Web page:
As 2019 kicked off, the industry was buzzing for the star-studded luxury watch fair SIHH. Since the rise of the Independents in the past two decades, they have gained a reputation as the critics and connoisseurs’ favourites. FHH (Fondation de la Haute Horlogerie), the organiser of SIHH, clearly knew the Independents would draw a crowd. In 2016, they announced the addition of nine independent brands set up in a big hall called the Carré Des Horlogers.

This year, the Carré grew to 17 brands, practically half of the total 35 exhibiting names. The Independents are undeniably a force to be reckoned with. To put it simply, the Carré itself is one big show-stopper.

The Carré, adjacent to FHH’s own booth, at the start of the exhibition hall, is a space where retailers with an edge or a niche, discerning watch media, brand patrons, and sophisticated collectors hang out. They come to be wowed and be awestruck by the tiny engines of creativity outside of the norms.

Meet the $2.7 Million Show-Stopper!

While everything in the Carré is a feast for the eyes and blows your mind, I can easily single out the beast of the show by independent legend URWERK: the Swiss watch brand’s 55-pound portable desk clock the AMC (Atomic Master Clock).

The AMC sets the time via GPS to your location, regulates balance rate (taking into account humidity and air pressure), and winds the paired URWERK wristwatch when docked. The error margin is one second in 317 years to deliver the utmost precision. A mechanical oscillator within the wristwatch absorbs this information and implements it. The in-house AMC calibre ticking inside also provides an 80-hour power reserve. On the outside, it bears a military tool-watch style with an open-work baseplate and magnificent surface finishing.

The AMC is a 21st-century reinvention of Abraham-Louis Breguet’s Sympathique clock with cutting edge technology that has been in development for almost a decade. A world first for a fully mechanical watch and a modern ingenious feat.

The B-Side Records

Outside of the fair, we also tried to sweep through the independent shows by Lake Geneva. Well, we tried. But we were so bowled over by our discoveries, we diverted more time to scouring for these exciting gems than sipping champagne at SIHH!

While we rushed around between appointments, one that literally caught my eye and stopped our track was an unusual-looking timepiece by GPHG double-award winner Antoine Preziuso. It was perhaps a style that (pleasantly) surprised me from what I knew of the brand’s elaborate artistry. Famous for their patented horological inventions and highly adorned masterpieces, the Genevan family-run watchmaker introduced us to a rugged entry-level time only model, B-Side Automatic.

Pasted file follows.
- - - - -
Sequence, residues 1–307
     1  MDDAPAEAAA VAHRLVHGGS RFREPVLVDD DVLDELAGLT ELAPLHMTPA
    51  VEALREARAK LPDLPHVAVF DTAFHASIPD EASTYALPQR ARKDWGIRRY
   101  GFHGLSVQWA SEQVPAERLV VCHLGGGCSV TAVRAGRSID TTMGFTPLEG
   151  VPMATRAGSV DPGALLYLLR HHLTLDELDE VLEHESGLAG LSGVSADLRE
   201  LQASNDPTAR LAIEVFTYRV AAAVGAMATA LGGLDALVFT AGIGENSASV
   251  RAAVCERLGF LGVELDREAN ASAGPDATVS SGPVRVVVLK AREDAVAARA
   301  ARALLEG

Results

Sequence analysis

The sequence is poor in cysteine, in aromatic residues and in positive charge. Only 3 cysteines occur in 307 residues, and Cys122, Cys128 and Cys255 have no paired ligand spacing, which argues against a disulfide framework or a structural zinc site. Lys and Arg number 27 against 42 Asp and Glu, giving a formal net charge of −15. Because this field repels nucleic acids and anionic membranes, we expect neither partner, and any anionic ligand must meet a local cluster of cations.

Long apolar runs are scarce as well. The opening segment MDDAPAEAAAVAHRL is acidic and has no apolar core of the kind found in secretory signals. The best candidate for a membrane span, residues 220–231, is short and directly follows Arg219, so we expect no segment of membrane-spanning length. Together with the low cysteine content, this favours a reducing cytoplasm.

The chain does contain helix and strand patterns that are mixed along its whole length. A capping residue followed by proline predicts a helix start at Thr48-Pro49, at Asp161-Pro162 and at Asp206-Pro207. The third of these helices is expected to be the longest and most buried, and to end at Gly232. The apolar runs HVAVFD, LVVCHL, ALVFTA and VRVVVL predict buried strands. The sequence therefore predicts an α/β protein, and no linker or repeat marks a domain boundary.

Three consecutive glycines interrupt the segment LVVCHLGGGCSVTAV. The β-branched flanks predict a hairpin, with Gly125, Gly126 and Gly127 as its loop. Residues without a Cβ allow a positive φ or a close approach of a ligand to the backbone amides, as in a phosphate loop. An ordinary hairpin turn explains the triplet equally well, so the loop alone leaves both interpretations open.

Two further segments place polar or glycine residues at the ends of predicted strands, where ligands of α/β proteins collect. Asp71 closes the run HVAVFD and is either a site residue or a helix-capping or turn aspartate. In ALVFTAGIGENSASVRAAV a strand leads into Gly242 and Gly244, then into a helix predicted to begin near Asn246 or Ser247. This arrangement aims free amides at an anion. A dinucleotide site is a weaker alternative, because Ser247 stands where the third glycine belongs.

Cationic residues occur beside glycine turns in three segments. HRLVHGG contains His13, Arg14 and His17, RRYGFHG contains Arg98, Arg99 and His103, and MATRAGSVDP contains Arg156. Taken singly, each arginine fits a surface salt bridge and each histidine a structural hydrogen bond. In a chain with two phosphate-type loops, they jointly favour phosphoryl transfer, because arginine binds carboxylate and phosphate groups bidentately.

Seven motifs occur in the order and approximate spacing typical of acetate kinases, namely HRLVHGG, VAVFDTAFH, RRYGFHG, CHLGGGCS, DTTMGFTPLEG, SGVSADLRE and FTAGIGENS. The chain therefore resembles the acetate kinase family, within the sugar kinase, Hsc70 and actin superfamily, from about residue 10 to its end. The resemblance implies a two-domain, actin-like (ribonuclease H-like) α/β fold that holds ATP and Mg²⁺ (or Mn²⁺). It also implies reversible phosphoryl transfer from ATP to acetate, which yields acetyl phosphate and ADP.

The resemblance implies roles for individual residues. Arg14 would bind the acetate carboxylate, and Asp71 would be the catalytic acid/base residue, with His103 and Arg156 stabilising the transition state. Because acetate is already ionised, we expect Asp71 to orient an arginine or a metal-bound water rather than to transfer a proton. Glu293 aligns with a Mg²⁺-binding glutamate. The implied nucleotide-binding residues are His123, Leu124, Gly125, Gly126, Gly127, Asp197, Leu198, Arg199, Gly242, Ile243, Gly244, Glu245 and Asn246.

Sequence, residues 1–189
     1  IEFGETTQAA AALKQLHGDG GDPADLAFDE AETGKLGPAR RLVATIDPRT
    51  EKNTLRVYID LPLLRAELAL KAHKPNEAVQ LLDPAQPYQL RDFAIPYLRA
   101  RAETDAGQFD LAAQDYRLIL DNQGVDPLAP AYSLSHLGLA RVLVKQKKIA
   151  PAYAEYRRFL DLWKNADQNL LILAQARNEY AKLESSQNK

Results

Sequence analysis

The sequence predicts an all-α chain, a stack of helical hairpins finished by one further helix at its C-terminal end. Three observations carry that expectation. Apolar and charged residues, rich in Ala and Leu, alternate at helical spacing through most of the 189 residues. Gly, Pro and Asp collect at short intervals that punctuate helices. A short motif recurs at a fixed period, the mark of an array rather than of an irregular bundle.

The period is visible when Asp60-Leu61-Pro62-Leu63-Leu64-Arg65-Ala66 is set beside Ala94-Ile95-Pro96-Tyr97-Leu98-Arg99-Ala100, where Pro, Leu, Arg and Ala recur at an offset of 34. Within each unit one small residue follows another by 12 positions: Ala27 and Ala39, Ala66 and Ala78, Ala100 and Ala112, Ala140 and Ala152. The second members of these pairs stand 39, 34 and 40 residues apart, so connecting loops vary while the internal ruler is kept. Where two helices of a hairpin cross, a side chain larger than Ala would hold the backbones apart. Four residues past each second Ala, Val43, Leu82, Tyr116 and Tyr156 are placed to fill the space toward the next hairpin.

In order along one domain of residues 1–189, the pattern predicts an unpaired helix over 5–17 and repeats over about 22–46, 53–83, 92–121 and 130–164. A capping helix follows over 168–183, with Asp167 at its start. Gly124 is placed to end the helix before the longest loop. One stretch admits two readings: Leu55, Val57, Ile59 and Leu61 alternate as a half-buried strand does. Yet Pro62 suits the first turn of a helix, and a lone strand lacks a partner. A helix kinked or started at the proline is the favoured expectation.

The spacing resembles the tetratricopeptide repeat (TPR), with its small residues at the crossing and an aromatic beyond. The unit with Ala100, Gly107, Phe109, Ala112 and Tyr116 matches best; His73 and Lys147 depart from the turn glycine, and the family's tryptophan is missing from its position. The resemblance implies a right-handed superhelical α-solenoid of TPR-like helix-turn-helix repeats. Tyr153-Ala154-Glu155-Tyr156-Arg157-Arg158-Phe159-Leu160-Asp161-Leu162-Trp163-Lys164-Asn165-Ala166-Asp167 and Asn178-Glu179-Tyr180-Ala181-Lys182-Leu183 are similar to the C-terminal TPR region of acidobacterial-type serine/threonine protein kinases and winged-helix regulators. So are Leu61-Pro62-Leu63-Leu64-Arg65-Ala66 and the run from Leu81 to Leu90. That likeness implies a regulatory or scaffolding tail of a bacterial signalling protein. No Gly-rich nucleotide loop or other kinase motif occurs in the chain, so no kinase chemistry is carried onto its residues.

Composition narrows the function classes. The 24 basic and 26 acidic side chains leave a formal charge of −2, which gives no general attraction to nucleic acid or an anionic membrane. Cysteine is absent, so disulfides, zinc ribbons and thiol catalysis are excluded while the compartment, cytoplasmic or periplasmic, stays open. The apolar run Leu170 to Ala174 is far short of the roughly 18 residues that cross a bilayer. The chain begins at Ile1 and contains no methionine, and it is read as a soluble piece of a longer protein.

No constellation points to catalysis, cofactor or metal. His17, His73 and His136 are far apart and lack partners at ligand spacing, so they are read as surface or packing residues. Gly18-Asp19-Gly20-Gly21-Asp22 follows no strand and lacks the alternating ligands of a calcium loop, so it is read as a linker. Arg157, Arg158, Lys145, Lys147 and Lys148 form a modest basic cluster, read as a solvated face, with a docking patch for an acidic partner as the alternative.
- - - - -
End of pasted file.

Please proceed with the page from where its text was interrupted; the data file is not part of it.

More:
Named after the B-sides of music records, the concept is to bring to light the flip side that’s less admired but equally deserving, if not more. The star that takes the stage here is actually the movement side. It is an illustration of the modern way of life, for timekeeping in a watch is secondary to us, given mobile devices and digital instruments are all around. Talk about watchmaking art!

With the unique B-side case construction, the wearer simply presses a discreet pusher, the watch then opens, unfolds, turns, and reveals the dial side without its leaving the wrist. The watch is masculine, sporty, and modern. It wears like a 42mm although the lugs extend to 45mm. As usual with the independents, the series is limited. Only 16 pieces will ever be crafted.

World First Vertical Central Tourbillon

Last but not least, we had the privilege to see another world first: the Klepcys Vertical Tourbillon by Cyrus.

In a watchmaking first, the tourbillon is placed vertically at the centre of the dial rather than horizontally at the six o’clock position, as is common. Now, this isn’t just showboating – a technical team painstakingly studied that, at this angle, the cage, which contains the regulating mechanism, rotates on itself, offsetting the negative effects of gravity and making the watch even more precise.

This is all achievable because Cyrus exists to pursue horological innovation and originality, also thanks to their co-founder Jean-François Mojon. Mojon is an award-winning watchmaker, who conveniently is the boss of a high-end manufacture that gives him the free rein for Cyrus and develops watches for many big names you already know.

The Klepcys Vertical Tourbillon boasts jumping hours, retrograde minutes and a massive 100-hour power reserve. The centrally positioned tourbillon gives the watch a sense of balance and a design that just looks achingly cool on the wrist. Only 38 pieces will ever be produced.

While most of the major brands at SIHH measure their production in tens or hundreds of thousands, the combined annual production of the brands in the Carré and outside the fair in Geneva would be just a fraction in comparison. What they lack in volume, they make up for in creativity, ingenuity and exclusivity. And I wish we had more column inch to cover all them!